Tuesday, February 23, 2010

Pebble + Window = Broken? Not always so...

On a recent escape from the gray winter doldrums I found myself in Winter Park, Florida. Being in the "art biz" I had been told for ages to take in the extensive Tiffany Glass collection at the Charles Hosmer Morse Museum and I am very glad that I finally made the trek. Around every corner were "old friends", Tiffany works that I had seen published many times over the years not always noting where they were located. To call the collection encyclopedic barely does it justice. One of the many works that stopped me in my tracks was an extremely rare "pebble" window executed by Tiffany studios in the 1890s.

The window itself was executed for the house of Joseph Briggs in Jersey City, New Jersey. Briggs was one of Louis C. Tiffany's most trusted workman and is the person who is often credited with these obscure glass and pebble confections. The crystalline pebbles of the border and the central clusters are arranged and graded in such a way as to make the semi-precious stones transcend into almost jewel-like qualities. In the past these rare pebble works were considered more of a curiosity, an eccentric offshoot of Tiffany's core business. However, very recently serious Tiffany collectors have snapped-up a related window and an orientalist dream of a table lamp both of which were sold through Sotheby's.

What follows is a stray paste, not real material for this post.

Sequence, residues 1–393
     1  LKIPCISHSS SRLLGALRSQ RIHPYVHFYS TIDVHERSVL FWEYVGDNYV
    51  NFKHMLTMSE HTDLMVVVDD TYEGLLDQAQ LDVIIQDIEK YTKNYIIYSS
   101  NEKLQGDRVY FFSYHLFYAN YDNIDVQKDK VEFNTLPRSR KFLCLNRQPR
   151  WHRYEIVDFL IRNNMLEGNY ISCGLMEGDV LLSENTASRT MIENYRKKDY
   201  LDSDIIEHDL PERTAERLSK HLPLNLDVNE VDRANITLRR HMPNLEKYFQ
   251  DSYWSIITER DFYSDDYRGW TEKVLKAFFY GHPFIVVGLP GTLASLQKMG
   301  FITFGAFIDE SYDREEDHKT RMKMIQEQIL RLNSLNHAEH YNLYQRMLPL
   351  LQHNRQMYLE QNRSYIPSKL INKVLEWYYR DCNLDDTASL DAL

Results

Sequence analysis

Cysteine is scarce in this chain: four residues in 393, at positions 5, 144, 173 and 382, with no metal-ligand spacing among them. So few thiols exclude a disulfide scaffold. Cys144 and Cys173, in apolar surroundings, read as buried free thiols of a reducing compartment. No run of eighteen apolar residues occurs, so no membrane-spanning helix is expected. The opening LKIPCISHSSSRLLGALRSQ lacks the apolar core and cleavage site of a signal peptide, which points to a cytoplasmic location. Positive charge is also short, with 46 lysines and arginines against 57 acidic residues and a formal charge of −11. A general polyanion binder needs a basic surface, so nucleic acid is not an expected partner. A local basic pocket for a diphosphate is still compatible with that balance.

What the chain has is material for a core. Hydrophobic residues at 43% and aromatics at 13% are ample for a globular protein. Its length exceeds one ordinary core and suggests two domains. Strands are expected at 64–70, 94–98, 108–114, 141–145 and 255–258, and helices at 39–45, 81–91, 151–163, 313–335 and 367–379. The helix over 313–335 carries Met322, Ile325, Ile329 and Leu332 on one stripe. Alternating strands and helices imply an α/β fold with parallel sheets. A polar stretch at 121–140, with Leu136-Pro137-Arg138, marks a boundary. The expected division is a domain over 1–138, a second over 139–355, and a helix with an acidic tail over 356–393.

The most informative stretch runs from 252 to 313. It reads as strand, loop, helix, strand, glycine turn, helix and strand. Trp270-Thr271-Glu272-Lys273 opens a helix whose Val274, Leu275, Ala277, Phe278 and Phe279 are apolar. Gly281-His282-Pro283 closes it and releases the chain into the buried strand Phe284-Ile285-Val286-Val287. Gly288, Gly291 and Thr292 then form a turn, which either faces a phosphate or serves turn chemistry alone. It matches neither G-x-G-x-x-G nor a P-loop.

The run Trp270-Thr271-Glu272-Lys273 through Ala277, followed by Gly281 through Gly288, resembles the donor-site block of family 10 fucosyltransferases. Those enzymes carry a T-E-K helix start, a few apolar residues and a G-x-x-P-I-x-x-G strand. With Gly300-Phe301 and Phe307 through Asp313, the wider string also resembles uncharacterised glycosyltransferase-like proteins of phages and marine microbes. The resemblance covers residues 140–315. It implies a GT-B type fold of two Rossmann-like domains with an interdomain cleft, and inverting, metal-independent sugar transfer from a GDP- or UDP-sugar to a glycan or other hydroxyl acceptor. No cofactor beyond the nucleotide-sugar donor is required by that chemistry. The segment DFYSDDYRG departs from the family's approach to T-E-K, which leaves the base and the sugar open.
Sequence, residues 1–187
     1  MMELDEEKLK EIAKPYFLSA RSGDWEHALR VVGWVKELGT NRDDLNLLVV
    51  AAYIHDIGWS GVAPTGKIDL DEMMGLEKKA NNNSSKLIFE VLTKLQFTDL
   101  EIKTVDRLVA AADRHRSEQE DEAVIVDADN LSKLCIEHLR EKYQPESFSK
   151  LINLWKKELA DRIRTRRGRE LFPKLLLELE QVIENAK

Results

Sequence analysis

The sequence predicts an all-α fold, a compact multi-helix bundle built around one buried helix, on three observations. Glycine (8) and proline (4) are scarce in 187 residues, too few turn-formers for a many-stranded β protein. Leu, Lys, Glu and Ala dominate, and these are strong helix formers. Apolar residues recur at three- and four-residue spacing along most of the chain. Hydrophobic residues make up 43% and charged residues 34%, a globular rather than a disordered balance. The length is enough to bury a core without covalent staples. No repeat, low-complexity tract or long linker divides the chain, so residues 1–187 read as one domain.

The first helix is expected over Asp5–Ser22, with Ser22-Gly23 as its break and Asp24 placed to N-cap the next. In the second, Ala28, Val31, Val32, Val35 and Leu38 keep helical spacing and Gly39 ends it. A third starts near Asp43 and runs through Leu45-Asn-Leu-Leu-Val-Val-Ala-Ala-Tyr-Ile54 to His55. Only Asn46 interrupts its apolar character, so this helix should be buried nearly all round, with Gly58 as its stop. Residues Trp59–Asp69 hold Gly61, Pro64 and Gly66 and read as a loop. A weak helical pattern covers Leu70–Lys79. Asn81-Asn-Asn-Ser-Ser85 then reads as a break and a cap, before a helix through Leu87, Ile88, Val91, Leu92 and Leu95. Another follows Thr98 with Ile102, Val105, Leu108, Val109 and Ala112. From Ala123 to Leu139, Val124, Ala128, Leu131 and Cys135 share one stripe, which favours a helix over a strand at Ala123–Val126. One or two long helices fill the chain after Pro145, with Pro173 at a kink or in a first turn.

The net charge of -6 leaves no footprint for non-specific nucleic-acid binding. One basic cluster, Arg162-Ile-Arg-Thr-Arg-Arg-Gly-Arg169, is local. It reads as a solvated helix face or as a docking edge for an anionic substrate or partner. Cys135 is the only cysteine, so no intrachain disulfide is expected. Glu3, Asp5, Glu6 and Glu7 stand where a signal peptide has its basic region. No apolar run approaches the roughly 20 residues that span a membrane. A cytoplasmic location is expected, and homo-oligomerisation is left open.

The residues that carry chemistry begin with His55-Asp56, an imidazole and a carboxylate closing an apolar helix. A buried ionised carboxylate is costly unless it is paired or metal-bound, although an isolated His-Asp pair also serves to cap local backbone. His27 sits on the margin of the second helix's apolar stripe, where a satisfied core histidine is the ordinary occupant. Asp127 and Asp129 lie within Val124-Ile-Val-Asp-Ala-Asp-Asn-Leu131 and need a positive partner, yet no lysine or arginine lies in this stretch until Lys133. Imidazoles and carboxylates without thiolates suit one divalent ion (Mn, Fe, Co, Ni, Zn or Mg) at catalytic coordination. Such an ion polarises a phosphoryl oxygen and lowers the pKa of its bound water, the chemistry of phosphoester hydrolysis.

This detail from the Briggs window shows the subtle grading and tonality of the stone selection. This was no small feat and was achieved through the craftsman's adept skill and slight-of-hand as the tiniest "pebbles" forming the center are actually rendered in faceted-glass effortlessly blended into a cohesive composition. This blend of faceted-glass and pebble work is seen most closely in the Sotheby's lamp noted above. While the result does not suit all tastes the survival of these decorative oddities stand as a testament to Tiffany's genius.

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